MLS introduces a “first-of-its-kind restorative policy” to combat discrimination

Soccer players who are victims of discrimination could have the opportunity to meet with the alleged perpetrator under a “first-of-its-kind redress policy” introduced by Major League Soccer and its players.

Soccer is more in the spotlight than ever in the United States and Canada, thanks in no small part to Lionel Messi’s blockbuster move to Inter Miami last summer.

The ever-evolving MLS and the Major League Soccer Players Association have now introduced a new, jointly agreed anti-discrimination policy ahead of the start of the 2024 season next week.

The league says the policy is “the first of its kind in professional sports as it focuses on restorative practices and emphasizes education, prevention, training and cultural awareness.”

Sola Winley, MLS Chief Engagement and Inclusion Officer, said: “Implementing something like this is no easy task.

“It takes not only many bright minds, but also many big hearts to think outside the box and build a culture based on dignity and respect.

“And to build a culture that can lead not only in the football landscape around the world, but also in the sports landscape and beyond.”

MLSPA General Counsel Eric Harrington said, “By using culturally inclusive training to prevent discrimination and restorative practices to address it when it occurs, we can prevent discrimination and support players who are harmed by it, while also providing a path to healing for everyone.”

This innovative policy is a significant step towards making the game more inclusive for all of us and setting an example for all sports

Earl Edwards Jr

MLS, the MLSPA and the nonprofit Black Players for Change worked together to develop the policy and a new cross-cultural awareness training program required for all players and staff.

Earl Edwards Jr, New England Revolution goalkeeper and president of Black Players for Change, said: “All players deserve to play this game free from discrimination and to have our cultures welcomed, included and respected.”

“This innovative policy is a significant step towards creating a more inclusive game for all of us and setting an example for the sport as a whole.”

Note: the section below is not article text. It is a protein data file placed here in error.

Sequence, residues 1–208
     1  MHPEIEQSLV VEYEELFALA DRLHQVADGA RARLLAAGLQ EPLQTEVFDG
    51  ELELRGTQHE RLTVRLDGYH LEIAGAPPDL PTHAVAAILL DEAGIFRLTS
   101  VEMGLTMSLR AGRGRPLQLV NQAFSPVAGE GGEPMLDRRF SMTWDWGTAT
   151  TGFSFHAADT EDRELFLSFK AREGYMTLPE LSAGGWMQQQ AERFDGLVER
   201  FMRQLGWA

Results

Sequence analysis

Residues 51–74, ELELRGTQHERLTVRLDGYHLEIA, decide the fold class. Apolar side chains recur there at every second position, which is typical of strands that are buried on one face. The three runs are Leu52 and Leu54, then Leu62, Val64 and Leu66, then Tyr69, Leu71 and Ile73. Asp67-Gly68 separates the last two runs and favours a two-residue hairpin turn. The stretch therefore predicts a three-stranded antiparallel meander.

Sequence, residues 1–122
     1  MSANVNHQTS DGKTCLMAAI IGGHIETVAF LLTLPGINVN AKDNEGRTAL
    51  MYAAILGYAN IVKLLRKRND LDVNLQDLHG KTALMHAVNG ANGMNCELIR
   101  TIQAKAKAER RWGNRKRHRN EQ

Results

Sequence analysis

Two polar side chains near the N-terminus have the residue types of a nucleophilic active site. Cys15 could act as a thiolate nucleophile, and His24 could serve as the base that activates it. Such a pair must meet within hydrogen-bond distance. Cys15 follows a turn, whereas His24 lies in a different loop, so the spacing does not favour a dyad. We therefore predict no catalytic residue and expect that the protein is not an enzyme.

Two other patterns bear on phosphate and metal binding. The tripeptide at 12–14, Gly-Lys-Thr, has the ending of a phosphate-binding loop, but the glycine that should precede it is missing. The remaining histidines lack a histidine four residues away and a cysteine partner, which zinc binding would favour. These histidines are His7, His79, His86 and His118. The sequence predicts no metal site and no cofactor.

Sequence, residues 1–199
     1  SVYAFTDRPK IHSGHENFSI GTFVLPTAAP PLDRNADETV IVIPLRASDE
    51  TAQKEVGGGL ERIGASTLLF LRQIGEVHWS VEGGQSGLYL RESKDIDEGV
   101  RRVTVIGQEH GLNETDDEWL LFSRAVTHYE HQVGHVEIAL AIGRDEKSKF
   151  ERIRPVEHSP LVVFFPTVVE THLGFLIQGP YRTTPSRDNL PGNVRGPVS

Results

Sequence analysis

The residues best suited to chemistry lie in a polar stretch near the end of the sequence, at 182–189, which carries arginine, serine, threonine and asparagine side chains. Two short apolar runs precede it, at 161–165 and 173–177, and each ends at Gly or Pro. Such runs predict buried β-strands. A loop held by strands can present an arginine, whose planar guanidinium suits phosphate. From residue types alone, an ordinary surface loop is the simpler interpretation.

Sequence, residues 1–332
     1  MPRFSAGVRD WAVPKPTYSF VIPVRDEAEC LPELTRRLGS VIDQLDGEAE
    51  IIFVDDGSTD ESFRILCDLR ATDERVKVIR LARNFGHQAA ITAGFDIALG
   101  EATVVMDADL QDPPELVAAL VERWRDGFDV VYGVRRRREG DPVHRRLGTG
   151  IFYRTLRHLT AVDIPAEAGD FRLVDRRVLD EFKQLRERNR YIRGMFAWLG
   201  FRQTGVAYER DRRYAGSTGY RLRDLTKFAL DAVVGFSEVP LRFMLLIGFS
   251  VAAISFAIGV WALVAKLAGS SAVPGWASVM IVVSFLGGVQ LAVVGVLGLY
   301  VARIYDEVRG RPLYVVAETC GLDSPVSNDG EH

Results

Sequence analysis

Under the new policy, recovery plans include the opportunity for an alleged perpetrator to make amends to those harmed by their behavior.

Additionally, those who accept responsibility and engage in a recovery plan will face less severe disciplinary action from the league than if they deny committing the act and are subsequently found to be untruthful or misleading.

“Players have the opportunity to participate if they wish,” Winley added. “We don’t force that.

“We hope there are ways for players to come together, apologize and hear the work that others have been through. We create this space and this environment for that to happen.”

“Playing As One” workshops were held during preseason, where MLS greats helped, among other things, explain banned terms and develop cultural awareness in a league with more than 80 nationalities.

It’s easy to suspend people. The hard work is in rehabilitation and reintegration, and we are committed to doing that hard work

Sola Winley

“We decided the best way to do this was to build bridges of understanding and have conversations based on curiosity,” Winley said.

“To give people grace when they make mistakes, but to be clear: We move from a position of strength, not a position of weakness.” And being compassionate doesn’t mean you’re weak.

“It’s easy to suspend people. The hard work is in rehabilitation and reintegration, and we are committed to doing that hard work.

“This may not always be preferred in a court of public opinion, but if we stay true to our values ​​and the goals that we have, then we feel good about the process and feel very good about it.” The result will be.”

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